0
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    Gavekal Dragonomics

    Household Debt: How Fast Can It Grow?

    Discussions about China’s debt usually focus on corporate and local government borrowing, but households have also become more important. The level of household debt is no longer low, and since 2015 it has become the major driver of credit growth. In this piece, Chen Long investigates the limits to China’s new embrace of household leverage.

    2
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    Gavekal Research

    Safety First In EMs

    After a steady rise in emerging market inflows over the last seven months, tighter US financial conditions have led to an abrupt reversal. On the back of inflation concerns and a stronger US dollar, the seven day moving average of daily portfolio flows to EMs, as of last Monday, had fallen to its lowest level since the renminbi-induced sell-off 14 months ago. EMs are vulnerable to an externally-induced pull-back, for even if key central banks...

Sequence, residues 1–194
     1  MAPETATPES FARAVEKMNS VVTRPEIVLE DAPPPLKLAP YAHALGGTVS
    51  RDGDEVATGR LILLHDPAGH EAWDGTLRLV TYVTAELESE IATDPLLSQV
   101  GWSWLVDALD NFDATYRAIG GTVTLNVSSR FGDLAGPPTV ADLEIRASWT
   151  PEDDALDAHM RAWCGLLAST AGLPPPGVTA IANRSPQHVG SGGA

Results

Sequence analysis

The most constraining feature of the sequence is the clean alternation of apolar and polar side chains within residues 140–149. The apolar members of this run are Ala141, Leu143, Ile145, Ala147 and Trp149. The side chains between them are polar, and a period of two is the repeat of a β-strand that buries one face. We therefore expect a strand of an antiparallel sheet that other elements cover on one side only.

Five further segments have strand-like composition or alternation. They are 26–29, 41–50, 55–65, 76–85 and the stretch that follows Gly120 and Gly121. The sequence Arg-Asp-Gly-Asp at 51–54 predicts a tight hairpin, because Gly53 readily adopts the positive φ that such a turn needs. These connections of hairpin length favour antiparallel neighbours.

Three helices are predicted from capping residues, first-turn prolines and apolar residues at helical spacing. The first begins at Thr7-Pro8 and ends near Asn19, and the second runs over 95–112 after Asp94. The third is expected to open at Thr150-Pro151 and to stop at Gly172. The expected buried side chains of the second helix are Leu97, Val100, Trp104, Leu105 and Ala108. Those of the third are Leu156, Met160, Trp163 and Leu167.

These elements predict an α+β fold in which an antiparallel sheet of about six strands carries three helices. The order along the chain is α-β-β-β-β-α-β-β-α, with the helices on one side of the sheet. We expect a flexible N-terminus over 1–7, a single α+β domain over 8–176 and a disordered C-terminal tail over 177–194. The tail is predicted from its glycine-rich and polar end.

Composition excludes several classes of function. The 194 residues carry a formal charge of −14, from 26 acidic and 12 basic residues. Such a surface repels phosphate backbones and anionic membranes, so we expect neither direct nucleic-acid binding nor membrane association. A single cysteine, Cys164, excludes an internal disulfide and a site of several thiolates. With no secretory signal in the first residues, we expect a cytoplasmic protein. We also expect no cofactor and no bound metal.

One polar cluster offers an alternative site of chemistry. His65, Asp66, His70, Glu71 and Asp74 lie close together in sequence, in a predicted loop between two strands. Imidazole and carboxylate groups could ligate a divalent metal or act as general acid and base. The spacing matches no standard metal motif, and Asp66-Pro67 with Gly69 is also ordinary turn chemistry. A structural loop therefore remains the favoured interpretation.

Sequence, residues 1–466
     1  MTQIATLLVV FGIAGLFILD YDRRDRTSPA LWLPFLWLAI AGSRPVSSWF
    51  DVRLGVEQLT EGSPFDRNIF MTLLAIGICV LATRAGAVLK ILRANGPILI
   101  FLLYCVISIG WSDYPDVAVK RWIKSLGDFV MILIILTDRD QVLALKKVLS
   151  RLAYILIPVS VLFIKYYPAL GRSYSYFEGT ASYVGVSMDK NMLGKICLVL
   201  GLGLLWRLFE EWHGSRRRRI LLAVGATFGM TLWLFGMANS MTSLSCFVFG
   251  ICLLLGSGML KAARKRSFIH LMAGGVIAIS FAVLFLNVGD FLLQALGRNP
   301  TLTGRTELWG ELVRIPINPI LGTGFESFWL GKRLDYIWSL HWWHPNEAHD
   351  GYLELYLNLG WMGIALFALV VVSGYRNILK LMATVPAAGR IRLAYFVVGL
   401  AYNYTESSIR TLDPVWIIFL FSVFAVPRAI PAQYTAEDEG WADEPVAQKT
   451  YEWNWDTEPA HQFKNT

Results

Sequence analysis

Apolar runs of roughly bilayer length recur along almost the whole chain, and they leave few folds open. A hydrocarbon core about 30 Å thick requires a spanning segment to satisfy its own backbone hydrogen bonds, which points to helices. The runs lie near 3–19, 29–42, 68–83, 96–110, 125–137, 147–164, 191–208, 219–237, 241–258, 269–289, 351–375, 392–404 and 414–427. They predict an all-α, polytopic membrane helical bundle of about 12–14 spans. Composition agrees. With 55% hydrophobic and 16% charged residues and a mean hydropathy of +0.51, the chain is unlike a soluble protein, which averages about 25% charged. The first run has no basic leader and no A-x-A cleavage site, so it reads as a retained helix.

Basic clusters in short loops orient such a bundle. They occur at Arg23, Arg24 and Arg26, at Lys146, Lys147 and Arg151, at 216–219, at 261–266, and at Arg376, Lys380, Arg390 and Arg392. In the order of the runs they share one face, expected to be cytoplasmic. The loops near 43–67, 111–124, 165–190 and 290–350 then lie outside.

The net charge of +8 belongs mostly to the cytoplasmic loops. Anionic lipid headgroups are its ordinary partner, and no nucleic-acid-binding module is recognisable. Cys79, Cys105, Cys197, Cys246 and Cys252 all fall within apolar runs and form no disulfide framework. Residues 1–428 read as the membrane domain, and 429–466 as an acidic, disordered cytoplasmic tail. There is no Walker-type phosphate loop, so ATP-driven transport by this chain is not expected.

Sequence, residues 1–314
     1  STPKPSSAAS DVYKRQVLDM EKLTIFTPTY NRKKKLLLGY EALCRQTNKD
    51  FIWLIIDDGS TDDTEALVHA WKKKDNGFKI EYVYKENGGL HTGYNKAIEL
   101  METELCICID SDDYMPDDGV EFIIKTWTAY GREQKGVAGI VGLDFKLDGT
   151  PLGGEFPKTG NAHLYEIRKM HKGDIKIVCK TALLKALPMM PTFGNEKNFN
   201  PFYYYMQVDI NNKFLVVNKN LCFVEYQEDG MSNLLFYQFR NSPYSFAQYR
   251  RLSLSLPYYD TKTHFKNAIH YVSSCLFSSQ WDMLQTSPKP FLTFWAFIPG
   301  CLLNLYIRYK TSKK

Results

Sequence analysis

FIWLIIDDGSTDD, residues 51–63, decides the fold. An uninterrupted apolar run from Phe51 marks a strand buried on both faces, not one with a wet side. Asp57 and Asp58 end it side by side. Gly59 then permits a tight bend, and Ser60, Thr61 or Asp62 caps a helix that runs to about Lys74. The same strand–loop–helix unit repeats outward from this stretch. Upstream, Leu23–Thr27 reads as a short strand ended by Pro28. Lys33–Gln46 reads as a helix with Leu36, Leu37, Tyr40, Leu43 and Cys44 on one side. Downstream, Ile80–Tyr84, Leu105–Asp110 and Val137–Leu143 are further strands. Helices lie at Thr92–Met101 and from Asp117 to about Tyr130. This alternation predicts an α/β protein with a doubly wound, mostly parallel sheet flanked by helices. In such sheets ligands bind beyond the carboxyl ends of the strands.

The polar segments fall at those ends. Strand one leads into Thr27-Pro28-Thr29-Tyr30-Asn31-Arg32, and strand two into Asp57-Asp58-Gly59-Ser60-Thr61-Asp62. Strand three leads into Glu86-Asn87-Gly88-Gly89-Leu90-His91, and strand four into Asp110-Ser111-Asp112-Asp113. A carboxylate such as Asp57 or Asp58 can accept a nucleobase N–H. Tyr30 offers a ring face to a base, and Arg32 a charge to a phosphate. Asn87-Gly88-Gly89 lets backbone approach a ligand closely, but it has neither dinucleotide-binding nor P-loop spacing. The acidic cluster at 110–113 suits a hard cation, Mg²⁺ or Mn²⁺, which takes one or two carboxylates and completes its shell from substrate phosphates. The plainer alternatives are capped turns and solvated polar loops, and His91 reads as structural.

0
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    Gavekal Dragonomics

    Andrew Batson: What Next For Chinese Growth?

    Chinese policymakers are set on maintaining economic stability ahead of a crucial Communist Party meeting next year—but while that means stabilizing growth it also means pushing back against a property bubble. In this video interview, Andrew assesses the tactical trade-offs that must be made in support of the strategy of stability.

    0
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    Gavekal Research

    The Milton Friedman I Knew